From the Talmud (Moses killing the Egyptian attacking the Hebrew slave; And other verses as to slaying evil-doers) to the Torah (It is permitted to kill a night time burglar or trespasser The foundation of some jurisdiction's “Castle Laws”?) to such luminaries of our Anglo-American Law as Hobbs, Locke & Blackstone to even the very recent US Supreme Court's majority decision in District Of Columbia VS Heller the Natural Law right of self-defense (And defense of innocent others) has been supported. The means (Modern handguns) to enforce that right was the real cause-in-action for the Heller case, where the majority decision relied on Natural Law to support its decision.
        For the Orthodox and Catholics explaining the meaning of the scriptures gives greatest authority to the Ecumenical Councils of the Church and, to some extent, the lesser councils and synods. [If anyone can inform me of any decisions of such as to the use of force to defend self and innocent others against criminal attacks, I would be happy to receive such information.]
       Catholics, of course, accept the rare ex cathedra decisions of the Pope as to (Only) matters of Faith and morals [Same request!].
       Both the Catholic and Orthodox Churches also give great weight to the early Church Fathers. Catholics, at the least, grant those persons designated as “Doctors Of The Church” great authority in matters of Faith and morals AND in interpretation of the meaning of the Gospels.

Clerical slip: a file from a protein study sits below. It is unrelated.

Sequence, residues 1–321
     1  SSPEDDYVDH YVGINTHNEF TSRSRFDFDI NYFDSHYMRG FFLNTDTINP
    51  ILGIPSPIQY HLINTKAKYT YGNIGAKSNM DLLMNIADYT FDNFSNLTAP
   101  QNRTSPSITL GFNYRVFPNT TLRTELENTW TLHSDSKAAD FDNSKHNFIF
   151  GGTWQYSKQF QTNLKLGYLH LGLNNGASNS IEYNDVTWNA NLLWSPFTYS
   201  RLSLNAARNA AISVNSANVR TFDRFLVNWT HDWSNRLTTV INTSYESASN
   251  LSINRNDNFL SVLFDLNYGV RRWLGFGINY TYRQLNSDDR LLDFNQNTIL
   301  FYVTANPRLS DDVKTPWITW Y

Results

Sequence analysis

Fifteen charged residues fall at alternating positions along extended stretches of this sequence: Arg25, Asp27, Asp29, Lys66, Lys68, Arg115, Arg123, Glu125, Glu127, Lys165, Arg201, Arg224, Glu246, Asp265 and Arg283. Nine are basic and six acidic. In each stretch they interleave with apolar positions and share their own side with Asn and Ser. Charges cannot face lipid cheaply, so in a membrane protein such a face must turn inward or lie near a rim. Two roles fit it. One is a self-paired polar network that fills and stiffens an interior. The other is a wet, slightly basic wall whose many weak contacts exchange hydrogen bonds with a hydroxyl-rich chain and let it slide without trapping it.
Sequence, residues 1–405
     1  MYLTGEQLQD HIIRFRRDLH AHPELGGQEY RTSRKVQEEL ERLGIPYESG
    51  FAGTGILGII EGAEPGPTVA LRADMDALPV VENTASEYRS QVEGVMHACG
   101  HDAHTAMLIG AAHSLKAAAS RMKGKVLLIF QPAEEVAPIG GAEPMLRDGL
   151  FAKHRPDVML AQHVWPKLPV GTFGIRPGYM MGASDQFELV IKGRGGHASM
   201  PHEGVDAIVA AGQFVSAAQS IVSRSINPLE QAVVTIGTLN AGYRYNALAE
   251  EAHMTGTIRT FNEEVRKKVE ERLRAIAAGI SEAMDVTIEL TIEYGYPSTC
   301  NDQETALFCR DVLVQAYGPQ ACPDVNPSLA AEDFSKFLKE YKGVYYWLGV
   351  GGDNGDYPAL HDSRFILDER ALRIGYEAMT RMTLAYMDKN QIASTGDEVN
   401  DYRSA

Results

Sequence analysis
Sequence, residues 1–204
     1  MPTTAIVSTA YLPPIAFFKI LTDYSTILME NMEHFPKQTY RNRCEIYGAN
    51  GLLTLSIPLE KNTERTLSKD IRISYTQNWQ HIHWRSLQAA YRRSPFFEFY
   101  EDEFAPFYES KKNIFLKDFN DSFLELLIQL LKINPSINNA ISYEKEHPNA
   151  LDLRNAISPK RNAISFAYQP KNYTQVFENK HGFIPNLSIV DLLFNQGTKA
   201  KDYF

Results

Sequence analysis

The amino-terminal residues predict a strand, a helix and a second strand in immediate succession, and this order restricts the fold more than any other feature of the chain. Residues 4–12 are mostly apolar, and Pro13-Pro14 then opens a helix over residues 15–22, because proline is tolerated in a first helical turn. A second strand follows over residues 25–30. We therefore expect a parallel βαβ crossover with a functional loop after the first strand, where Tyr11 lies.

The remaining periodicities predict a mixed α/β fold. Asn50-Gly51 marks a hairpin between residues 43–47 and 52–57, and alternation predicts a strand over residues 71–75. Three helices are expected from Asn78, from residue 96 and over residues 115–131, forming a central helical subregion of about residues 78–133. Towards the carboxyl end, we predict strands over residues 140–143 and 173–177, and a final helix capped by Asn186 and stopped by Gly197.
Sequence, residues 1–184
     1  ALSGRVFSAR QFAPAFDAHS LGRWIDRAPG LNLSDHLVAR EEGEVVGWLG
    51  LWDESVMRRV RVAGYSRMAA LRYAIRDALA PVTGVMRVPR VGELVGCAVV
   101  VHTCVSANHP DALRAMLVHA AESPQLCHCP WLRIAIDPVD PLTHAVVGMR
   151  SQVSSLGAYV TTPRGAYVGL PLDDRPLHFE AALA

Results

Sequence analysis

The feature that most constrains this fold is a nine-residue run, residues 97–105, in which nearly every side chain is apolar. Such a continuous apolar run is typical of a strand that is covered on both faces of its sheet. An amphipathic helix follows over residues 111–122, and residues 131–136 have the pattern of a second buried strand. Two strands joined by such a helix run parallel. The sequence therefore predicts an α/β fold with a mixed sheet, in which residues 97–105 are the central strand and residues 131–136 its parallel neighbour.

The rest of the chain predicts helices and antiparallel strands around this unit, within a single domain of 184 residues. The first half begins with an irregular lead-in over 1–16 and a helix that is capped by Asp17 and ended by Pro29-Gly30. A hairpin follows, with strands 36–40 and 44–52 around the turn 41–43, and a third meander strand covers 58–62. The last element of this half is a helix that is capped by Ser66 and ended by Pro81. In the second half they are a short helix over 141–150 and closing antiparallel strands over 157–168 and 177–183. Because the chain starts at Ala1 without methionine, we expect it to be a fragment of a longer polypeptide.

The only “Doctor Of The Church” who, as far as I know, directly addressed the use of deadly force was St. Bernard of Clairvaux who (In his De Laude Novae Militae) mentioned the “two swords”, closely outlined when Christians may use deadly force AND noted that “the edge of the sword” could be used to defend Christ and His Church.
        He also noted that St. John the Baptist did not demand that soldiers give up their profession; But, only that they not abuse their authority.
        The Christ, of course, gave great honor to the Centurion (A professional soldier and, if you will, a professional killer) and to his Faith.

"PUT UP YOUR SWORD”: To my mind, Christ's command to St. Peter was a “special case” as Jesus's capture, death and resurrection was necessary for the salvation-of-mankind; Such a special case not being a model for other situations or for such lesser persons as ourselves.